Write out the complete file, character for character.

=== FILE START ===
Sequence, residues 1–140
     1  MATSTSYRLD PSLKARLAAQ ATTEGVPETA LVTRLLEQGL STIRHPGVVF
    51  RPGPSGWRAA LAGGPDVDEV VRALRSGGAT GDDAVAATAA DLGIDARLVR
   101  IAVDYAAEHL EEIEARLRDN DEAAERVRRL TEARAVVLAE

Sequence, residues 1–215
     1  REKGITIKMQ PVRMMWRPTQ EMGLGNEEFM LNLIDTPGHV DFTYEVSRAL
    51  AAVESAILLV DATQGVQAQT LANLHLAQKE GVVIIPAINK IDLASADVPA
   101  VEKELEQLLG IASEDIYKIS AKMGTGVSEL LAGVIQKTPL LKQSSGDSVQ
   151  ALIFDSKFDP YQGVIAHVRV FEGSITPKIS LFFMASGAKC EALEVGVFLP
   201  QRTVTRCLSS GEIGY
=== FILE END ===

Sequence, residues 1–140
     1  MATSTSYRLD PSLKARLAAQ ATTEGVPETA LVTRLLEQGL STIRHPGVVF
    51  RPGPSGWRAA LAGGPDVDEV VRALRSGGAT GDDAVAATAA DLGIDARLVR
   101  IAVDYAAEHL EEIEARLRDN DEAAERVRRL TEARAVVLAE

Sequence, residues 1–215
     1  REKGITIKMQ PVRMMWRPTQ EMGLGNEEFM LNLIDTPGHV DFTYEVSRAL
    51  AAVESAILLV DATQGVQAQT LANLHLAQKE GVVIIPAINK IDLASADVPA
   101  VEKELEQLLG IASEDIYKIS AKMGTGVSEL LAGVIQKTPL LKQSSGDSVQ
   151  ALIFDSKFDP YQGVIAHVRV FEGSITPKIS LFFMASGAKC EALEVGVFLP
   201  QRTVTRCLSS GEIGY